Needle Phobia


Well-Known Member
OK, well the last time difficult child had a blood draw (his first) it was a fiasco. This time I thought it would be okay because he knew what it was about and that it really only hurt for a second......till we got there. He finally could verbalize that it's the NEEDLE that creeps him out, not the pain or the blood. All I could do to get him through it was to have him look at me instead and hold his hand. I feel so sorry for him that he's soooooo afraid. Are there any tricks to help him through it? Bless his's just ONE more thing for him to deal with.


Here we go again!
We deal with the same fear here. difficult child 1 would have huge meltdowns and panic attacks any time he saw a needle... had to chase him in the parking lot of the lab one time and drag him kicking and screaming. Should have seen the looks on people's faces!

difficult child 1 was rx'd Ativan for the procedures, which helped, but the dose I had to give him to get his cooperation made him really loopy and he would still get very upset.

Since starting Lexapro, I've reduced the Ativan by half and he gets through blood draws wonderfully now -- no tears, no dizziness or feeling faint, no nausea, no cold sweats. We also took him to a psychologist who taught him some helpful guided imagery and breathing exercises, which he can use now on his own for these situations.

Hope you find something that works for your guy. Talk to the psychiatrist and see what he can do for you.


Active Member
our patients who are terrified of the needle use head phones and their fav music. perhaps your son would be able to look at a hand held game.


Well-Known Member
You have it good, in my humble opinion. My difficult child had such extreme meltdowns we had to leave many times without having the shot - oh she also did this with a throat culture. Had to just hope she did not have strep! Imagine that!

I am sooo glad difficult child has never had to be on a medication that required blood draws!


Here we go again!
Antsmom makes a good suggestion about the headphones and video games -- difficult child 1 will bring his Gameboy with him too, and sometimes he'll use my ipod and close his eyes then let the tech know when he's okay to proceed with the poke. I know another boy who wears a beanie over his eyes and cranks up the music -- calls it his "hat trick" :smile:

Whatever creative distractions you can use!


Active Member
Since our last headache getting difficult child 3's blood drawn, we've been told to ask for emla cream next time. To INSIST, in fact. It's a local anaesthetic cream which they can put on the site so he doesn't feel the needle. Then all you need to do is distract him so he doesn't look at it, either.

We just got back from difficult child 3 having to have a tetanus shot - nearly four hours in emergency, dealing with a scalp wound too. He did very well, but he didn't have to actually watch any of it.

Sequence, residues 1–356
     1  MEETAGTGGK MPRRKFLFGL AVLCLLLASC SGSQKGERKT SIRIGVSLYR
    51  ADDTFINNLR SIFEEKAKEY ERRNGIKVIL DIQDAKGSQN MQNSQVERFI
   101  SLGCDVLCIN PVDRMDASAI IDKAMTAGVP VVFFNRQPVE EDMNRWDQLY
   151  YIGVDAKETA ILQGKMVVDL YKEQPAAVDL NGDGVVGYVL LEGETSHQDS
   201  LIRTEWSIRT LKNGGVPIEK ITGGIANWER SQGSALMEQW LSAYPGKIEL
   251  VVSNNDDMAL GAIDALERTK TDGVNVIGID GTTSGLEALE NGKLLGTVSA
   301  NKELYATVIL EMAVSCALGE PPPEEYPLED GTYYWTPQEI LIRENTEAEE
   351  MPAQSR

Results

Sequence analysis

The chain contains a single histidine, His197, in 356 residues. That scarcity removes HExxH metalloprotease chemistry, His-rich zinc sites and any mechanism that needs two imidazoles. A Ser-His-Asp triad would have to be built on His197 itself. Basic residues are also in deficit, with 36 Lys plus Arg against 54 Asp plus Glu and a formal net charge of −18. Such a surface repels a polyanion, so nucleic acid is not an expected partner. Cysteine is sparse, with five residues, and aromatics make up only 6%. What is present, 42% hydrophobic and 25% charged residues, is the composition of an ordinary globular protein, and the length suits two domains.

New Member
My 18 yr old easy child has a needle phobia. Good idea about the music. We have to go today to get blood work done. I know he will have that thing blasting while we are there. I was going to send him by himself, but he wants me to go for moral support. Ahh.... he still needs me :smile:


Active Member
Try borrowing a needle from the Dr. and buy an orange. Let him practice putting the needle into the orange so that he can "desensitize" himself to the sight of the needle. New diabetics used this method for years (oranges have that skin that would simulate skin the best).

Just a thought!


Well-Known Member
My difficult child reacts very badly to the thought of needles too. The last time he had to have a shot, SO had to sit on him and restrain his arms, while I held his feet so he wouldn't kick the nurse.

There is a medical condition called vasovagal reflex reaction, which is often the reason for needle phobia. Here are a couple of links to information pages.

Some of the autism websites also have information about needle phobia and some good coping strategies.

Hope this helps,


Spork Queen
I have HUGE needle phobia. I was so embaressed last spring when I had pneumonia and had to have several shots in the arse...and I cried. I'm 46 and crying about a couple needle stings.

I just went yesterday and found out that the walking-pneumonia has returned, hence more shots. I'm proud to say that I didn't cry this time. :bravo:



Here we go again!
Oh yeah, EMLA cream is GREAT! Forgot to mention that we have an rx for that, too :smile: One tube has lasted us about 18mos (difficult child 2 has had many, many blood draws and IVs because of his Crohn's).

That's intereting what Trinityroyal posted about the vasovagal reflex... I'm going to look at that closer.



New Member
How did you make out with the blood draw?

Some things I've learned that help over time ~

Drink at least 8 ounces of water 30 minutes prior to the blood draw. This makes the veins "juicy".

Ever see those little warming bags you get in the camping dept at Wal Mart? You throw them in your sleeping bags to keep your feet warm? Grab a couple of those, warm them, throw them on difficult child's arm(s) before the draw. Brings out the veins.

If you're getting the draw done at a hospital (like an outpatient lab), go during the week. The weekend staff are usually not "regulars" and the girls that work during the week are usually much more experienced (been our experience).

I always take Dylan first thing in the A.M. We do the outpatient lab at the hospital, so I take him at 7 AM so that there's no wait (anxiety problem sitting there watching everyone else get their blood drawn, just waiting.....waiting.....waiting....ugh).

Hope it went okay.